If you are at risk for serious illness from COVID-19 and just tested positive, you should discuss treatment options with your healthcare provider, including taking antivirals.
What to Expect
Antiviral medications can help your immune system fight back by helping stop the virus from multiplying your body. This lowers the amount of virus in your body with the goal of you having less severe symptoms and recovering more quickly. Antiviral therapy is not a cure for COVID-19. You are still contagious and can spread the virus to others. Be sure to monitor your symptoms and continue to self-isolate until 10 days have passed without using fever reducing medications, and your COVID-19 symptoms are improving.
What Are My Treatment Options?
If you are recovering at home from mild-to-moderate COVID-19, you may qualify for one of these antiviral treatments depending on your age, health history and how long you’ve had symptoms. The following treatments are authorized for emergency use by the Food and Drug Administration:
- Paxlovid (nirmatrelvir/ritonavir): May be prescribed for adults and children who are at least 12 years old and weigh at least 88 lbs. It is not recommended for people with serious kidney or liver disease. This treatment is taken by mouth (as a pill) and must be given within five days after the first symptoms of COVID-19 appear.
- COVID-19 rebound is a recurrence of symptoms and a positive test after a negative result within 2-8 days of having finished Paxlovid. In these instances, continued monitoring of symptoms and additional periods of isolation are recommended.
- Lagevrio (molnupiravir): May be prescribed for adults 18 years and older. It is not recommended during pregnancy or when breastfeeding. This treatment is taken by mouth (as a pill) and must be given within five days after the first symptoms of COVID-19 appear.
- Veklury (remdesivir): May be prescribed for anyone over 28 days old. This treatment is administered via intravenous infusion (IV) at a treatment center for three consecutive days and must begin within seven days after the first symptoms of COVID-19 appear. This medication is also given to individuals hospitalized by COVID-19.
Talk with your healthcare provider about your treatment options. Based on your health history and symptoms, they can help you begin treatment if that is the best course of action. If antiviral medications are determined not to be the best treatment option for you, you may be recommended supportive care at home unless your symptoms worsen.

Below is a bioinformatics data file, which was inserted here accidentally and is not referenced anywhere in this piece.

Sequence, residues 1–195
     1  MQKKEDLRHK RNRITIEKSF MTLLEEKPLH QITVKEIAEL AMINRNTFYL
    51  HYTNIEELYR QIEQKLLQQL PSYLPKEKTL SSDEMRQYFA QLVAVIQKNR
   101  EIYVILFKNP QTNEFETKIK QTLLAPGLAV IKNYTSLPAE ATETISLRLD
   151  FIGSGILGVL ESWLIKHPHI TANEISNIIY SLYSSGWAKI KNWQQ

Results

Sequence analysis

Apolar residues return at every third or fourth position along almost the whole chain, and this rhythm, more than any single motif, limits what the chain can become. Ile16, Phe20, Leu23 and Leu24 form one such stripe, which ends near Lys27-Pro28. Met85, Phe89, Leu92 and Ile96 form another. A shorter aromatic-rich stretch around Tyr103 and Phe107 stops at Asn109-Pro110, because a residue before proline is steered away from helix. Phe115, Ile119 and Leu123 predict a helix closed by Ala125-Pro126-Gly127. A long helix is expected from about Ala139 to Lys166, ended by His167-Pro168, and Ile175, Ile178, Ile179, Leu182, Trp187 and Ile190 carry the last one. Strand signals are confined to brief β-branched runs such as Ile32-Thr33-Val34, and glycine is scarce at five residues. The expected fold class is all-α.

Who Is Eligible?
Antiviral medication to treat COVID-19 is authorized for emergency use by the Food and Drug Administration (FDA) and used for patients who:
- test positive for COVID-19,
- are experiencing mild-moderate COVID-19 symptoms at home, and
- are high risk for severe illness that may result in hospitalization
Knowing if you are high-risk for severe illness from COVID-19 allows you to act quickly if you test positive for COVID-19 so you are less likely to develop severe illness requiring hospitalization. You may be high-risk if you are:
- 50 years or older,
- a current or former smoker,
- diagnosed with chronic lung, heart, or kidney disease,
- Pregnant, or
Where Do I Get Antiviral Treatment?
Antiviral medications require a prescription from a healthcare provider. If you are high risk for severe illness from COVID-19 and test positive, speak with your healthcare provider right away. You may also be prescribed antiviral medications directly from your pharmacist. Speak with your pharmacist if you have trouble getting in to see your primary care provider right away. Your symptoms must have started no later than within the last five days to begin treatment.
You can also visit a Test to Treat location, a clinic that is set up to confirm your COVID-19 diagnosis, review your medical history and prescribe appropriate treatment. If you still have questions about treatment, contact our Lung HelpLine staff at 800-LUNGUSA.
Antiviral medications can be effective in treating viral infections if used promptly when symptoms, such as fever, aches and cough, first appear. Pregnant women are one group at higher risk for severe illness from respiratory infections due to changes in the body caused by pregnancy. Early treatment is important because a serious respiratory illness may be harmful to your developing baby. It is important to call your doctor right away – within 48 hours of when symptoms begin.
While anyone may consider taking an antiviral, people at high-risk for severe illness are specifically recommended to do so. Your doctor may ask you to come in to test for what type of illness is making you sick. They may prescribe antiviral treatment with the goal to make you feel less sick and for a shorter length of time.ng an antiviral, people at high-risk for severe illness are specifically recommended to do so.
Once taken, antiviral medications work quickly to boost the immune system. In the airways of your lungs, where the respiratory infection is occurring, the virus is attacking healthy cells and creating copies of itself that further spread the infection while your immune system is working to stop the viral spread. Antivirals work by halting the attack, so the virus is unable to attach to a healthy cell or copy itself. This stops your illness from spreading so your body can focus on healing and recovery. Antivirals only work if taken as soon as possible. If you are in a high-risk group, make a plan with your doctor to connect quickly when you become ill with a respiratory infection so you can get tested, treated, and begin the healing process before serious damage is done. Learn more at Lung.org.
Page last updated: October 4, 2023